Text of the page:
Researchers at La Jolla Institute for Immunology (LJI) are investigating how CHIKV infects cells and how the immune system responds to a CHIKV attack.
LJI Research Assistant Professor Daniela Weiskopf, Ph.D., and LJI Professor Alessandro Sette, Dr.Biol.Sci., are investigating how the immune system’s T cells recognize and target CHIKV. Their goal is to uncover which sites on the virus, called “epitopes,” prompt a strong response from human T cells. Dr. Weiskopf is also working with patient samples from a 2014-2015 CHIKV outbreak in Colombia to learn more about T cell activity in people who were diagnosed with the disease. This research is a key step in developing vaccines that trigger a protective T cell response.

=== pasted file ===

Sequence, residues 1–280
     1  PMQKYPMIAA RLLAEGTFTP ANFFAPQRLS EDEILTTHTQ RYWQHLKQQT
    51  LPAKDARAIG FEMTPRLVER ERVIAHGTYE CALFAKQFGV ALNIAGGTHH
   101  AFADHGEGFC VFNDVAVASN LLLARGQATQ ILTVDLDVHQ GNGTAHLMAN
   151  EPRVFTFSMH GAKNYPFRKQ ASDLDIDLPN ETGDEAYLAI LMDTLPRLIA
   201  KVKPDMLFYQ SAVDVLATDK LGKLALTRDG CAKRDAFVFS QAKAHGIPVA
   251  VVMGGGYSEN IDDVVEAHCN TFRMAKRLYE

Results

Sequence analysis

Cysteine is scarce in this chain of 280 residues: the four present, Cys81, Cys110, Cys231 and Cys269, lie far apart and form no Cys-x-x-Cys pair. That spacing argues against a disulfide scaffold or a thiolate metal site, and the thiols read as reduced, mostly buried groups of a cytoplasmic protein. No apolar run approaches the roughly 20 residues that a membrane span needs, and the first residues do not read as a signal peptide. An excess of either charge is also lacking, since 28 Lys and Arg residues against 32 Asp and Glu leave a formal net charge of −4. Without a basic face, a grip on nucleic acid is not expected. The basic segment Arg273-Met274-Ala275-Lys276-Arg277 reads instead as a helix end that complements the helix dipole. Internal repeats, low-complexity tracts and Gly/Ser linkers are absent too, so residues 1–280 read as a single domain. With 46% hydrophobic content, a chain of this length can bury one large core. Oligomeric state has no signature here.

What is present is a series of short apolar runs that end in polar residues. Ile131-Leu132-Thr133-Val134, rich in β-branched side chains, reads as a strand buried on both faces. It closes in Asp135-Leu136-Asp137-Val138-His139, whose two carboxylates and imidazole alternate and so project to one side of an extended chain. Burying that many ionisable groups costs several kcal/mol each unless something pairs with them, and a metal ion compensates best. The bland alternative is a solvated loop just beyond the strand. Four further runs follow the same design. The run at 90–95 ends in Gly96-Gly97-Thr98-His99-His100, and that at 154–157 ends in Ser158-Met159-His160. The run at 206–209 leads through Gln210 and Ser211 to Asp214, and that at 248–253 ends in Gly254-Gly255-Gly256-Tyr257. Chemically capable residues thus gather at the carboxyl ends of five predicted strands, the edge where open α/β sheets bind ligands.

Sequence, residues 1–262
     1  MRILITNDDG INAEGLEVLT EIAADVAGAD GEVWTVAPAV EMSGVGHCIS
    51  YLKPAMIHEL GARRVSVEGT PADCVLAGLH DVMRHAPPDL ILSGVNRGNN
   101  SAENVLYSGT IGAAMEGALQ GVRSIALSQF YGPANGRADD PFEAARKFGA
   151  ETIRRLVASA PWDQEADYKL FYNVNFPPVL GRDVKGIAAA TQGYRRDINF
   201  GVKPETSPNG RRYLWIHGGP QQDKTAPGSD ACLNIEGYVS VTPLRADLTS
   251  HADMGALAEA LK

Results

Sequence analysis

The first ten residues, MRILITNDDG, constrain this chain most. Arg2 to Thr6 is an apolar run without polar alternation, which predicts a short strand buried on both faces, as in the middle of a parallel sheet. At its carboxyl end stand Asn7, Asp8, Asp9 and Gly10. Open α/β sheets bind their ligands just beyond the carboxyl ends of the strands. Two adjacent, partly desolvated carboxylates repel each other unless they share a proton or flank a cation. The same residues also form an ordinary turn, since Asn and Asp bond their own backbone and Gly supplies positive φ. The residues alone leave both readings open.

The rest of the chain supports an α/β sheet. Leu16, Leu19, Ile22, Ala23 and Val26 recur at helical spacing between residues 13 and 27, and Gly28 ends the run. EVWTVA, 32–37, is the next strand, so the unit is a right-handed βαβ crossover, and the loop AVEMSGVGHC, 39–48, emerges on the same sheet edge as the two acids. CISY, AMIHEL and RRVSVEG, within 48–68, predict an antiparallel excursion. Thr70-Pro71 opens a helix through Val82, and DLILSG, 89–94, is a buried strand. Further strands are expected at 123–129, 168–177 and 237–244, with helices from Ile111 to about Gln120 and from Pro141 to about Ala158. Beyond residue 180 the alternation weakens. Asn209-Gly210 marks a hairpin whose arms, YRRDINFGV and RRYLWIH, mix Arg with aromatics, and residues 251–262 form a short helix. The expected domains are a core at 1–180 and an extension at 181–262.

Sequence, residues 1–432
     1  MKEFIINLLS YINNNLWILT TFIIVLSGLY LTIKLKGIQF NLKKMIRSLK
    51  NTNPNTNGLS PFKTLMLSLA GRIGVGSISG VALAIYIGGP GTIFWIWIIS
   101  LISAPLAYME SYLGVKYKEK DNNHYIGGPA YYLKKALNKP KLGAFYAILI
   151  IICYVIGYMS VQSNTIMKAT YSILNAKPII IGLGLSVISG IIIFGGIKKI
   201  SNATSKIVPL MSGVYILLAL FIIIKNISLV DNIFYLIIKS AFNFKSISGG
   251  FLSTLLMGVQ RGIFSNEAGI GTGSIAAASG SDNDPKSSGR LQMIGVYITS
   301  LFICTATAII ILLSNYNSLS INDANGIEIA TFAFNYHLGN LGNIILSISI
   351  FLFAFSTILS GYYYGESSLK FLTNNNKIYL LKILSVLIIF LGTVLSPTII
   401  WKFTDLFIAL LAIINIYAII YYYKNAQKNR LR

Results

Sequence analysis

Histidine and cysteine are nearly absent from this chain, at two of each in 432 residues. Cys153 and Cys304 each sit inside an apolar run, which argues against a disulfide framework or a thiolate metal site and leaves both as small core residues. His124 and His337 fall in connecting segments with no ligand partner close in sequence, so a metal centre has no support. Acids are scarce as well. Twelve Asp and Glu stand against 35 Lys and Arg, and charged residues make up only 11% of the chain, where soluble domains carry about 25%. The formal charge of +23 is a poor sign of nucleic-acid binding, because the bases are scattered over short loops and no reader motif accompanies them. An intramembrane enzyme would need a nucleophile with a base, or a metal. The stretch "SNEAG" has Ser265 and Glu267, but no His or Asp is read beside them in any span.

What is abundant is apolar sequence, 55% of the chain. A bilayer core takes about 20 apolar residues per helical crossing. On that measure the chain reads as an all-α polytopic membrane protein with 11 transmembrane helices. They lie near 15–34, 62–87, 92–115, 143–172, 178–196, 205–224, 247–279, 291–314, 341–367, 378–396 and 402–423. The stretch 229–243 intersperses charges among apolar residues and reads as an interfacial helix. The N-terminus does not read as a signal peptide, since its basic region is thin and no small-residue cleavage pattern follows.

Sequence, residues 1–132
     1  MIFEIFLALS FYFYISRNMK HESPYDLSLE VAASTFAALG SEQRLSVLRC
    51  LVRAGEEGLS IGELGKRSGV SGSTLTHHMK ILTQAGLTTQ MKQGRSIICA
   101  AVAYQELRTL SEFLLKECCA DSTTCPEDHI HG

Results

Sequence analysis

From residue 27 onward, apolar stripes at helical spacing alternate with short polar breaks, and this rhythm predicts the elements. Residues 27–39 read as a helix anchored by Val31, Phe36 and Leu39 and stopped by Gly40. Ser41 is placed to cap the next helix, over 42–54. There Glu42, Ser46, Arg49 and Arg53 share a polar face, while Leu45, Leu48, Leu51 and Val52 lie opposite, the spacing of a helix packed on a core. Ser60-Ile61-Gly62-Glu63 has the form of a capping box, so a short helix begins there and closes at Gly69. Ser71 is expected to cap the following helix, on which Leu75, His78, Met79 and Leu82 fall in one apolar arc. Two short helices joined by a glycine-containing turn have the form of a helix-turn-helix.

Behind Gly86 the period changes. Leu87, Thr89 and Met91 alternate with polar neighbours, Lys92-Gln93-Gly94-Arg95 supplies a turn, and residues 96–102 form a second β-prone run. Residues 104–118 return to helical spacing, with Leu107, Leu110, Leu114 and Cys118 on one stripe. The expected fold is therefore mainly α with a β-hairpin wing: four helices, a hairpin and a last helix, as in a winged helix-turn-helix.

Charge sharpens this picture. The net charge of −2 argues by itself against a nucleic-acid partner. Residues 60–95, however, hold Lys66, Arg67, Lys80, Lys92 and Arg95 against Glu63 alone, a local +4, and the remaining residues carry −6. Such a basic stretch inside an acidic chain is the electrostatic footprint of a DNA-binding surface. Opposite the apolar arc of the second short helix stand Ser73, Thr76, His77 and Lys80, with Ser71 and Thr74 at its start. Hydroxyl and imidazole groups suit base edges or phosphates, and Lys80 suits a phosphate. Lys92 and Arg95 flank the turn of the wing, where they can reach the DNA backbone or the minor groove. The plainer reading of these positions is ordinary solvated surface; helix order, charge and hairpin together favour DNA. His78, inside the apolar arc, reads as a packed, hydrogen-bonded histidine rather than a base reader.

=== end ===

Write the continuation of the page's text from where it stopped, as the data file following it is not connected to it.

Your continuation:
A critical tool in this CHIKV research is the Immune Epitope Database (IEBD), home of expertly curated data and cutting-edge tools to analyze how the immune system recognizes and responds infectious agents and allergens. The IEDB is directed by Dr. Sette and LJI Professor Bjoern Peters, Ph.D. Scientists around the world have submitted their data on CHIKV infections and immune responses to the IEDB.
LJI Professor, President, and CEO Erica Ollmann Saphire, Ph.D., MBA, is investigating how human antibodies target viruses such an CHIKV and related alphaviruses. Her laboratory uses high-resolution imaging techniques such as cryo-electron microscopy to map viral structures and uncover where viruses are vulnerable to neutralizing antibodies.
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